The question has been: Would his $550 million RIA, which has offices San Diego, Austin, Texas, and Roseland, N.J., thrive while he was gone?

Grand experiment

When Leonard and partner Christopher Van Slyke merged their practices in 2007, forming Trovena — they also have a successful retail arm, Oncubic, which works with clients with as little as $60,000 — they had similar goals: to maintain a build a practice without being chained to their office.

“We operate our businesses the same way, and when we are together we can sit down and be pretty efficient together,” Leonard says. “Once you get to a firm like ours, I don’t think the owners should be the first line.”

Van Slyke’s goals aren’t as ambitious as Leonard’s, but he wanted to move from California to his hometown of Austin to be near his family.

Meanwhile, back on land, Christopher Van Slyke plays the links: I think the employees like having us gone.
Meanwhile, back on land, Christopher Van
Slyke plays the links: I think
the employees like having us gone.

Van Slyke says he feels the first test for how the company would do in its owners’ absence was when he moved to Texas in 2010 and wasn’t in the office on a regular basis. It became clear that the business was flourishing in his absence.

“It was really a grand experiment to see whether the company could not only survive but thrive without the founders living where the clients are,” Van Slyke says. “In fact, we’re larger and more successful than we’ve ever been. I think the employees like having us gone. We have big personalities and it’s probably nice for them to concentrate on their jobs.”

Watertight infrastructure

Advisors can certainly live away from their practice as Leonard and Van Slyke are doing, but it takes awhile to achieve these goals, says David Canter, executive vice president and head of practice management and consulting at Fidelity Institutional Wealth Services. It would be a particular challenge for the owner of a small firm to leave the practice.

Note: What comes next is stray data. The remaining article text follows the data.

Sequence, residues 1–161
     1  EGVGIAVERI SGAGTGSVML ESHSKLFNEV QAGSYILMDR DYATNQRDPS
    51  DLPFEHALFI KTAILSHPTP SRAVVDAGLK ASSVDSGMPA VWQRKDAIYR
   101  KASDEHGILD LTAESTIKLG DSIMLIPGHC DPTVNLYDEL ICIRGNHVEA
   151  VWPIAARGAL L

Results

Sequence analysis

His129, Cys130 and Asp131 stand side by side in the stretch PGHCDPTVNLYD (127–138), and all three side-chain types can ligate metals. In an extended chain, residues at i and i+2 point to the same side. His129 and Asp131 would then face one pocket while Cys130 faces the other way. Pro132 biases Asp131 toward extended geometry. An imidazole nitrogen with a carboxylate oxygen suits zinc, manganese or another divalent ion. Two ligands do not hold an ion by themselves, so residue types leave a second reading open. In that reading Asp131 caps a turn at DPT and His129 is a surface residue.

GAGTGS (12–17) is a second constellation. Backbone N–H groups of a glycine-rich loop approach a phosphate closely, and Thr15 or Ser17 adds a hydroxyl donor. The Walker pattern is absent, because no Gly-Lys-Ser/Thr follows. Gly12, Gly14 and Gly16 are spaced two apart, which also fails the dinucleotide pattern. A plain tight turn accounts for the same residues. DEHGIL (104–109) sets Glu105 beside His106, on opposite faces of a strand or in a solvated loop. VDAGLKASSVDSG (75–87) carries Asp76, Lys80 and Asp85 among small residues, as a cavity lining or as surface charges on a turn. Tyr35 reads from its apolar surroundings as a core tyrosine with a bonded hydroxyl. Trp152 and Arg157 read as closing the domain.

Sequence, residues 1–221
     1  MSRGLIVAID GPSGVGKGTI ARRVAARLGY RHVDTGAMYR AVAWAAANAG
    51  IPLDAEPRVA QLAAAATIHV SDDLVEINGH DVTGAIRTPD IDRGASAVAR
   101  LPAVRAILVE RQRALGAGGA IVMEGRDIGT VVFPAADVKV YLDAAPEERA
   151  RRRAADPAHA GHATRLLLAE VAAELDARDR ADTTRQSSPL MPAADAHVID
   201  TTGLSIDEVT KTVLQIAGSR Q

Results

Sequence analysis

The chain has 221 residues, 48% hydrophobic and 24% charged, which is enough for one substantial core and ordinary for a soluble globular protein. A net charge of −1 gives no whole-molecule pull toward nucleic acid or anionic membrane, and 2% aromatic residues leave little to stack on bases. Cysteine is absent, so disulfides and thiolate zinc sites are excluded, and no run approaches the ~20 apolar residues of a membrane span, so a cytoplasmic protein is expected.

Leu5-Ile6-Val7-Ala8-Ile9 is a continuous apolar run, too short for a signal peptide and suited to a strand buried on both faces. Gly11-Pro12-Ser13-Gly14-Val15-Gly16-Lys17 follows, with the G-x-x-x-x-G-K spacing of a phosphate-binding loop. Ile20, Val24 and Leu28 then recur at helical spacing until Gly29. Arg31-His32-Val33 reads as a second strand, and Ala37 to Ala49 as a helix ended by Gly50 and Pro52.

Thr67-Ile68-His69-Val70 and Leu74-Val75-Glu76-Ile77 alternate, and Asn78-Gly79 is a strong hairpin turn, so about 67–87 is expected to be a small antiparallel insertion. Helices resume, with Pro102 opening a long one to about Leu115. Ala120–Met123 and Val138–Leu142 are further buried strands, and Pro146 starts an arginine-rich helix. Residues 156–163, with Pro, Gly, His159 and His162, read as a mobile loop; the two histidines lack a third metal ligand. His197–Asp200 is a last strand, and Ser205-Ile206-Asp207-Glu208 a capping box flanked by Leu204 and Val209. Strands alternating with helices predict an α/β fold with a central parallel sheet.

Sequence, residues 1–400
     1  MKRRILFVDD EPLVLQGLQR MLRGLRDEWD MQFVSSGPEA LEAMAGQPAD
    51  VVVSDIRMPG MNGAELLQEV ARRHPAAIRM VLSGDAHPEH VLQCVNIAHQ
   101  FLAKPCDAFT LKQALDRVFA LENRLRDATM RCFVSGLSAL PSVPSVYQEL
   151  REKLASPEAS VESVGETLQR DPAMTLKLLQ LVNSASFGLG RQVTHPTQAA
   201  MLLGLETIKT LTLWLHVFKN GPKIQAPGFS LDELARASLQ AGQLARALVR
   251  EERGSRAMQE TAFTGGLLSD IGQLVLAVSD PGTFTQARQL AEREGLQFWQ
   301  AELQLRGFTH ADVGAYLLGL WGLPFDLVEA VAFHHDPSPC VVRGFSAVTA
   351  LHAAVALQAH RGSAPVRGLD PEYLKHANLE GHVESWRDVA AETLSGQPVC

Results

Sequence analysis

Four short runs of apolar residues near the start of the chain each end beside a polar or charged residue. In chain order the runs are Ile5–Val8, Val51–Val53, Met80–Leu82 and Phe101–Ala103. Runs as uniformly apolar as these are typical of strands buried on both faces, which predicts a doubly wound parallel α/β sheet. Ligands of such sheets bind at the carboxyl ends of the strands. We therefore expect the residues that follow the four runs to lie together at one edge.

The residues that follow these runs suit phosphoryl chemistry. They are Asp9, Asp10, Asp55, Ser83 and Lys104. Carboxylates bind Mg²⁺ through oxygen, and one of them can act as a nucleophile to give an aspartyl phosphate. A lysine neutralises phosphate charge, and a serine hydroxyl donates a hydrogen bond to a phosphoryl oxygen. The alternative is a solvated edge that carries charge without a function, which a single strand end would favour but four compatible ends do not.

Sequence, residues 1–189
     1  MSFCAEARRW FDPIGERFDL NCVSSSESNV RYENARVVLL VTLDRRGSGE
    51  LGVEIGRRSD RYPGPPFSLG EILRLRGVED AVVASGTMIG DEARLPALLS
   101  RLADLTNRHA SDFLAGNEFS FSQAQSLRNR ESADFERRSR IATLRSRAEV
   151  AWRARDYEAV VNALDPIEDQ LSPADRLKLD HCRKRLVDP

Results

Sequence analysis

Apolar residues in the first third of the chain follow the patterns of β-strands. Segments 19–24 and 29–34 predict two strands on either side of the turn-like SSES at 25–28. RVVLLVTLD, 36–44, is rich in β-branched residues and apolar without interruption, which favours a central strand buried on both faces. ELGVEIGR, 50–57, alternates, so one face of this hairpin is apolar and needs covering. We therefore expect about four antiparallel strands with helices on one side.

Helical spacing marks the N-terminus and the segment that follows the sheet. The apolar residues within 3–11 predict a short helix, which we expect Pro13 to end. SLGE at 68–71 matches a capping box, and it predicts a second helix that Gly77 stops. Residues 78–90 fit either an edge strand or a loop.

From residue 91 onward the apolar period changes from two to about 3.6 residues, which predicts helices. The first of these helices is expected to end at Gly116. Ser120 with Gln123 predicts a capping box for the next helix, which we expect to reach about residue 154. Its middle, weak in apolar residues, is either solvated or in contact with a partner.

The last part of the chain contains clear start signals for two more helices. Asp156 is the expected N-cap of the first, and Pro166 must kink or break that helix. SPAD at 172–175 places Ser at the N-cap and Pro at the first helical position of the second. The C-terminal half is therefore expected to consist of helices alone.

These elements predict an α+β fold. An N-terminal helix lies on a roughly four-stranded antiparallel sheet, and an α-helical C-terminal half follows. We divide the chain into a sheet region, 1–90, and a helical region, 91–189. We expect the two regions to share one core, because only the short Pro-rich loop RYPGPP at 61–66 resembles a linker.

“Good for these advisors, because they are helping their clients reach their dreams and aspirations and they’re reaching their own dreams, too,” he says.

A pod of dolphins off the coast of St. Kitts.
A pod of dolphins off the
coast of St. Kitts.

Canter points to a few successful RIAs that have partners who have moved to such far flung places such as Israel and Italy but had solid managers who took care of client contacts and handled major problems. It’s crucial that the partners have superbly talented advisors who are capable of handling clients’ concerns in their absence.

“The firms that have done this successfully have been able to put the right infrastructure in place and have the right service model to have the business function and they can still operate,” Canter says. “The big picture here is, geographic boundaries are disappearing with sound business models. Whether you’re sailing the world or going on a three-hour tour, you need a good business structure and continuity plan before you do anything.”